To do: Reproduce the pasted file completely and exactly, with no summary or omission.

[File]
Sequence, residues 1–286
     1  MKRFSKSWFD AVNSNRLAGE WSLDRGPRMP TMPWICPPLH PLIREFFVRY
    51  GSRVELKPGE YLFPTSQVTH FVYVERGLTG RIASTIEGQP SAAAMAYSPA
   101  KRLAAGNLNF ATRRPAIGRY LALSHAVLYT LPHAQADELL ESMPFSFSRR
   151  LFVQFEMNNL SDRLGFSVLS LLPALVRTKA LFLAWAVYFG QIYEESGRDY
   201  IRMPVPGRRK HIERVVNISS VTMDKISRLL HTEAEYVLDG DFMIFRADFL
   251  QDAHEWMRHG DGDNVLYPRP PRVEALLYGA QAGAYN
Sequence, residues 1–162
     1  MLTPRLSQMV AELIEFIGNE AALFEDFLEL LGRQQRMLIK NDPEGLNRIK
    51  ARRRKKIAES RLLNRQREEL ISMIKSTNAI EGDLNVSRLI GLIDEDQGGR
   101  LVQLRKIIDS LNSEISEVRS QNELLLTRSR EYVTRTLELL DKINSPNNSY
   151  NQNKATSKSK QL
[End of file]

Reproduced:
Sequence, residues 1–286
     1  MKRFSKSWFD AVNSNRLAGE WSLDRGPRMP TMPWICPPLH PLIREFFVRY
    51  GSRVELKPGE YLFPTSQVTH FVYVERGLTG RIASTIEGQP SAAAMAYSPA
   101  KRLAAGNLNF ATRRPAIGRY LALSHAVLYT LPHAQADELL ESMPFSFSRR
   151  LFVQFEMNNL SDRLGFSVLS LLPALVRTKA LFLAWAVYFG QIYEESGRDY
   201  IRMPVPGRRK HIERVVNISS VTMDKISRLL HTEAEYVLDG DFMIFRADFL
   251  QDAHEWMRHG DGDNVLYPRP PRVEALLYGA QAGAYN
Sequence, residues 1–162
     1  MLTPRLSQMV AELIEFIGNE AALFEDFLEL LGRQQRMLIK NDPEGLNRIK
    51  ARRRKKIAES RLLNRQREEL ISMIKSTNAI EGDLNVSRLI GLIDEDQGGR
   101  LVQLRKIIDS LNSEISEVRS QNELLLTRSR EYVTRTLELL DKINSPNNSY
   151  NQNKATSKSK QL